What is Climate Change?

What is Climate Change?

Climate change refers to any significant change in the measures of climate lasting for an extended period other effects, which occur over several decades or longer. Climate describes the total of all weather occurring over a long period of years in a given place. This includes average weather conditions, regular weather seasons (winter, spring, summer, and fall), and special weather events (like tornadoes and floods).

What is Global Warming?
Global warming refers to the recent and ongoing rise in global average temperature near Earth’s surface. It is caused mostly by increasing concentrations of greenhouse gases in the atmosphere. Global warming is causing climate patterns to change. However, global warming itself represents only one aspect of climate change. The magnitude of temperature increases over the second half of this century, both in the U.S. and globally, will be primarily determined by the emissions of greenhouse gases produced now and over the next few decades.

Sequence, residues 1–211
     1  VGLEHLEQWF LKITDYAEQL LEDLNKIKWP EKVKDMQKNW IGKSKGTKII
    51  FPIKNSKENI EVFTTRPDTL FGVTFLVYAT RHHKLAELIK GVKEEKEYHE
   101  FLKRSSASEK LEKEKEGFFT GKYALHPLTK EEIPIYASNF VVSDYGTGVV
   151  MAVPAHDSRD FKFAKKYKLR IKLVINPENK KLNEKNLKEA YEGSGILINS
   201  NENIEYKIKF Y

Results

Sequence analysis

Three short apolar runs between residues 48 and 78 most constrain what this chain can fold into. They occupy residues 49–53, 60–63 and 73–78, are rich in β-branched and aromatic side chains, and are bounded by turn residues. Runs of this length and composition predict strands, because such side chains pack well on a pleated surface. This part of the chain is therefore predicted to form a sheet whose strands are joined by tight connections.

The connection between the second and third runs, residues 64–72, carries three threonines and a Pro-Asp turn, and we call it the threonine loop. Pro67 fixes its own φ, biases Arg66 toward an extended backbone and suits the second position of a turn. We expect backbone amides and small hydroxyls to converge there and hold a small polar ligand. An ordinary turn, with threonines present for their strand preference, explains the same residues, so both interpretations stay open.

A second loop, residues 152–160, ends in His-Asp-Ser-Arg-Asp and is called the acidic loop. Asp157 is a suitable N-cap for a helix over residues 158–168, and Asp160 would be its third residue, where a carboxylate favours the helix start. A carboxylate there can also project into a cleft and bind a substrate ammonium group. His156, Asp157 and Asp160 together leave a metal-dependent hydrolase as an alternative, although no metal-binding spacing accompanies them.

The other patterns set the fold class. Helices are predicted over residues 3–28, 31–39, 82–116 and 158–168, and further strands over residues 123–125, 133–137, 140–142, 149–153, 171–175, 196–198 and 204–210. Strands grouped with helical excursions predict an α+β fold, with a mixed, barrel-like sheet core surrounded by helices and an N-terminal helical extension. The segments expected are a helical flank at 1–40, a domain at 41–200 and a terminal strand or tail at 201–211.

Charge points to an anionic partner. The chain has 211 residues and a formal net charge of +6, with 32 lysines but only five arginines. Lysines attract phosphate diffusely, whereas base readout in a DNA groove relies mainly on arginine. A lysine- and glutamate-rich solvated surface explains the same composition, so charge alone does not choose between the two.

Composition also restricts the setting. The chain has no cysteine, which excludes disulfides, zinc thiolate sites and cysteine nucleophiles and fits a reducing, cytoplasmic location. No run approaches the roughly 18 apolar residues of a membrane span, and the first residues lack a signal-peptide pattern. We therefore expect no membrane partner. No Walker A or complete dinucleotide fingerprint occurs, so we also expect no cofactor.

What does Climate Change mean to Cape Cod?
Cape Cod, the landform, is the product of climatic warming – its sediments were released by retreating glacial ice sheets less than 20,000 years ago as global temperatures rose following the most recent “ice age”.  Human-induced changes in global climate will accelerate sea level rise to rates that Cape Cod has not experienced for thousands of years, and we do not know how the systems that exist today will respond. Other climate-related changes as well – temperature, precipitation, storm frequency and intensity for example – will have as yet undetermined impacts on the Cape’s ecosystems and as a result, on human health and welfare.  (Dr. Graham Giese, Center for Coastal Studies)

There is a very high confidence (>90% chance) that sea level will rise between 8 inches and 6.6 feet by 2100. This is higher and will be faster than the past 2000 years.  (Dr. Rob Thieler US Geological Survey) “Global sea levels have risen 8 inches since 1900.  The one foot rise in sea level in the Northeastern U.S. has exceeded the global average, and will continue to do so.” (National Climate Assessment for 2014)